Monday, March 31, 2014

In March

The Eagles Have Flown, by Joanne S. Williamson ~ This book, about a young boy in the household of Marcus Junius Brutus, was fun and I liked it a lot and enjoyed reading it. It was interesting to hear the story of Brutus' life and career from the perspective of someone living in his household who was basically family to him. 
Cleopatra of Egypt, by Leonora Hornblow
The Body in the Library, by Agatha Christie ~ I like Miss Marple but the book wasn't very interesting and was a little boring. 
The Life of Saint Patrick, by Quentin Reynolds
The Dragon Warriors, by Karis Sellers

*Leap Year
The Monuments Men
X-Men First Class ~ New favorite movie.
X-Men Origins
X-Men 2 ~New other favorite movie.
X-Men Last Stand
Divergent ~ New other other favorite movie. 

tv series:
One upon a Time
Burn Notice
The Hollow Crown

*Books/movies I've read/watched before.
† Landmark Book

What books and movies have you been reading and watching recently that you like especially? 

Wednesday, March 26, 2014

Man of Steel Review

New Man of Steel poster
Director:  Zack Snyder
Rating: PG-13
Time: 2 hours 23 minutes 
Studio: Warner Bros.
Stars:  Henry CavillAmy AdamsRussell Crowe, Diane Lane, etc. 
Composer: Hans Zimmer (YAY! Isn't this is beautiful?)

It's largely through flashbacks that we become acquainted with Superman/Clark Kent/Kal-El and his character. One of these flashbacks is of a young Clark Kent reading Plato in his dad's pickup truck, and then being pulled out of it and bullied by some seemingly older kids. He knows he's much stronger than the kids laughing at him, but he holds himself back with all his might from fighting. He forces himself to take it quietly. I count him braver who overcomes his desires than him who conquers his enemies; for the hardest victory is over self. (Aristotle, student of Plato). When the other kids leave we see the fence against which Clark's back had been, and the metal fence post, bent, where he'd gripped it.

For the rest of the movie Clark searches for the answers to a few simple and very important questions, who am I, where am I from, what's my purpose. And he has to decide what he stands for.I haven't seen any of the original Superman movies or read any of the comics, but I'd like to. The basic storyline of Man of Steel is that on the dying planet Krypton Jor-El and Lara have a son, the first natural birth on Krypton in centuries. As Krypton erupts the mother and father send their son Kal-El to Earth where he crash-lands in Kansas and is found and adopted by Jonathan and Martha Kent, farmers. As a young boy Kal-El (now called Clark) is tormented by the overwhelming amount that his alien senses see, hear, and feel 'there's too much, it's too big'; but his earth-parents, especially Martha Kent, teach him to focus on what's important. I really like the Kents.

One of the things I didn't care for in the movie was how Jor-El kept appearing, as a hologram. But he helped Clark find his purpose. Another thing was how much fighting there was, rather excessive; and the number of buildings (with people in them) that were demolished. Also the acting at the very beginning on Krypton felt sketchy at times.

One interesting theme in the movie that I hadn't expected was the topic of evolution. There was a lot of symbolism, too, which I always think is cool: the stain glass window behind Clark in the church, the crucifix Clark makes at one point, etc.. General Zod makes an interesting villain, what with his deeply annoying haircut and his beliefs about who he is and what his purpose is. “I exist only to protect Krypton. That is the sole purpose for which I was born. And every action I take, no matter how violent or how cruel, is for the greater good of my people.”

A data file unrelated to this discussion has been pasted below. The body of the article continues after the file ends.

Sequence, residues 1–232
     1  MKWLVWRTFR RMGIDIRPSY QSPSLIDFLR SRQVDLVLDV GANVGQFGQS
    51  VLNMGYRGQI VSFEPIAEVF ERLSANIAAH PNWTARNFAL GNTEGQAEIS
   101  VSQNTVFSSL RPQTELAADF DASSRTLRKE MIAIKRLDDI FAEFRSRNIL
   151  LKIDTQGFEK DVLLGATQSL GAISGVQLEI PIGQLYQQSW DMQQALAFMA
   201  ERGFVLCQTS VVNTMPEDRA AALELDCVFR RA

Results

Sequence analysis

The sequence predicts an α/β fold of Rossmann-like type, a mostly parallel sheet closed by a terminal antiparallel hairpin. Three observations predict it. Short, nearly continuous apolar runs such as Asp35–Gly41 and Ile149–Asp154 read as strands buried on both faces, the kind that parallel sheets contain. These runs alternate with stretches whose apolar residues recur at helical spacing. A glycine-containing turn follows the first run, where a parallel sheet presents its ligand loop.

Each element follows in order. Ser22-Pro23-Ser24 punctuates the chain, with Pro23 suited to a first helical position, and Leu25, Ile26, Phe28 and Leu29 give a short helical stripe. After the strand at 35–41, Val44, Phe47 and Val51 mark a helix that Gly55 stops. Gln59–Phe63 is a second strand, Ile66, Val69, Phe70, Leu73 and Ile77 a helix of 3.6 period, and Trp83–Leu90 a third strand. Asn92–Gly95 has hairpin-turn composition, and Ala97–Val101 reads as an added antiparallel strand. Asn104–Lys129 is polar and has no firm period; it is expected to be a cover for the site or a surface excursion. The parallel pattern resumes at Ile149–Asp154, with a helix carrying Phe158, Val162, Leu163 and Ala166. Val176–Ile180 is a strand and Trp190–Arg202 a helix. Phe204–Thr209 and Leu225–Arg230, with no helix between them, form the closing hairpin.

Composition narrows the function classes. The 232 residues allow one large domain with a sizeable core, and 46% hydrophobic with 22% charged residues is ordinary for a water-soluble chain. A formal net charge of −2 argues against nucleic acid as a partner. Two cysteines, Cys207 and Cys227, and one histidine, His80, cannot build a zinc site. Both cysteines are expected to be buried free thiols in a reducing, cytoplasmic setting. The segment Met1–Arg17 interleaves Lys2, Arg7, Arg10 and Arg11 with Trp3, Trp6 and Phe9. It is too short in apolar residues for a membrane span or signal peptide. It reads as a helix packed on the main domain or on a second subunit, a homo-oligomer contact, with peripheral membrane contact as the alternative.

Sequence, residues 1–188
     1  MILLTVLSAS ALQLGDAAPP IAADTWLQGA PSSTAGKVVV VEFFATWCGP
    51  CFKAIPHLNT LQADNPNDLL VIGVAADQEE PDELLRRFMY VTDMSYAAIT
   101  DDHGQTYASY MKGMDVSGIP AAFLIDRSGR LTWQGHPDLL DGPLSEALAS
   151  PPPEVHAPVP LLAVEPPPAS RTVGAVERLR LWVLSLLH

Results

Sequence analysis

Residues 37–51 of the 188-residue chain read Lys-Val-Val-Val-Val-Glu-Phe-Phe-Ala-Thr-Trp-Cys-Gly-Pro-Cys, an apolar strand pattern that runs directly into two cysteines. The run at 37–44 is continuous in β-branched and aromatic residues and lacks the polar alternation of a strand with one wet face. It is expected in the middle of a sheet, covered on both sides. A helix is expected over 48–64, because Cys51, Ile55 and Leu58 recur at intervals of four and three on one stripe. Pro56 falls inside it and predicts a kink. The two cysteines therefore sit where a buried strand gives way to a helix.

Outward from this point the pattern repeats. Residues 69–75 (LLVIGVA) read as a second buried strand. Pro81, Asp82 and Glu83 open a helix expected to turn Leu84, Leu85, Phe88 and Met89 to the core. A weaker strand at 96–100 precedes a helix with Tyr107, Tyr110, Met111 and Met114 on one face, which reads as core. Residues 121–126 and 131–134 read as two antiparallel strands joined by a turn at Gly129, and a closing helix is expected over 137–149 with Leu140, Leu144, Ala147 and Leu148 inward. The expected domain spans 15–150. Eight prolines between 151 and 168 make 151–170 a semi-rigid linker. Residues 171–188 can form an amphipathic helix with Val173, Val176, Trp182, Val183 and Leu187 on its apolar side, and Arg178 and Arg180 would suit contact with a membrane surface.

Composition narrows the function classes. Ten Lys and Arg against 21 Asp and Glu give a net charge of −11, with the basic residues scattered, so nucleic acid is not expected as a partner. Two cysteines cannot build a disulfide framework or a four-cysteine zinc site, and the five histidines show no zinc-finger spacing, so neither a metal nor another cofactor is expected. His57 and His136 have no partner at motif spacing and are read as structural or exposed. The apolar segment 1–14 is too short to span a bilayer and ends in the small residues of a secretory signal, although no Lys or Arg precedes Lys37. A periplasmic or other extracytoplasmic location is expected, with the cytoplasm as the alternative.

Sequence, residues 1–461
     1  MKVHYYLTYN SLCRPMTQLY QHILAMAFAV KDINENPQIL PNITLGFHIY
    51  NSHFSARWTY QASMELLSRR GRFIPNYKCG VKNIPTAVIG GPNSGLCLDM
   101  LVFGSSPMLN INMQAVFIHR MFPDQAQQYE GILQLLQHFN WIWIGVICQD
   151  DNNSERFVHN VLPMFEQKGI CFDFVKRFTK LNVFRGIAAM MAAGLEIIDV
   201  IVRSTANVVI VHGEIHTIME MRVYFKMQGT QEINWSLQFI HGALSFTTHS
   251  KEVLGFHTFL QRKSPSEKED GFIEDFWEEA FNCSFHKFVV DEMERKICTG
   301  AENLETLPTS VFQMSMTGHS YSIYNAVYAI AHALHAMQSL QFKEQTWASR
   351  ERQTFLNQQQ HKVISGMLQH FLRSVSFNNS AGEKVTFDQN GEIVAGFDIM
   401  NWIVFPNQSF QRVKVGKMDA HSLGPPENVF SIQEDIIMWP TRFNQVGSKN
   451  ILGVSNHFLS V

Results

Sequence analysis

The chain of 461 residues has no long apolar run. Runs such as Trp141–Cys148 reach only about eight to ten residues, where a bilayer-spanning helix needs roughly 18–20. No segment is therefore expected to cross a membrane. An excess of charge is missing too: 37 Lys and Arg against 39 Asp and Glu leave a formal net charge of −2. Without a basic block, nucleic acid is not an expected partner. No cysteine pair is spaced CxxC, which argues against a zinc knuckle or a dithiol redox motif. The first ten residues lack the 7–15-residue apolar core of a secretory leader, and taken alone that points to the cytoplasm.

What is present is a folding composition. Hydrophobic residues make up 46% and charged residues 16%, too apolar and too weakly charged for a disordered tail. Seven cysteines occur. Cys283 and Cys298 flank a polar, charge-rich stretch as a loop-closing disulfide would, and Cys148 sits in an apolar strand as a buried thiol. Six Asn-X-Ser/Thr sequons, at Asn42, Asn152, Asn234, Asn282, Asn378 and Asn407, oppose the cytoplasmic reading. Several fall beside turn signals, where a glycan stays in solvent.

Despite the things I didn't care for in Man of Steel I liked it and enjoyed watching it. Oh, and Amy Adams is cute.

My rating: 3 out of 5 stars

Click here for more reviews.

Wednesday, March 05, 2014

Saving Mr Banks | Review

Director:  John Lee Hancock
Rating: PG-13
Time:  125 min
Stars:  Emma ThompsonTom HanksColin Farrell, etc. 
Trailer: trailer

Saving Mr Banks is ultimately about Walt Disney convincing Mrs P. L. 'Pam' Travers to let him take her story and redeem it. In the beginning however Mrs Travers fears Disney will ruin her 'lovely characters' and make her story into one of his 'silly cartoons,' but her greatest fear is letting go. Disney, on the other hand, thinks Mary Poppins came to save the children, Jane and Michael. But she didn't. Mary Poppins came to save their father, Mr Banks, a character representing Mrs Travers' own father.

That's what Walt Disney comes to realize, at which point he and his team - the two Sherman brothers Robert and Richard and the scriptwriter Don DaGradi - come up with an idea they believe Mrs Travers will like. Their idea was to save Mr Banks - It wasn't something that had happened in real life. 

In the end Walt Disney persuades Pamela to trust him with her story and to let him change it so that Mary Poppins saves Mr Banks, so that she - Mrs P. L. Travers - can be free of the weight and dictation of the past. In a scene near the end of the movie Disney promises Mrs Travers:
"...every time a person goes into a movie house ... they will see George Banks being saved. They will love him ... they will weep for his cares ... George Banks will be honored ...redeemed. ...and all he stands for will be saved. Maybe not in life, but in imagination. Because that’s what we storytellers do. We restore order with imagination. We instill hope again and again and again. Trust me, Mrs Travers. Let me prove it to you. I give you my word." 
Tom Hanks is great as Walt Disney, and the two Sherman brothers with their sweaters, polo shirts, and slicked-back hair creating songs are nice. The taxi driver with his interest in the weather is a wonderful character.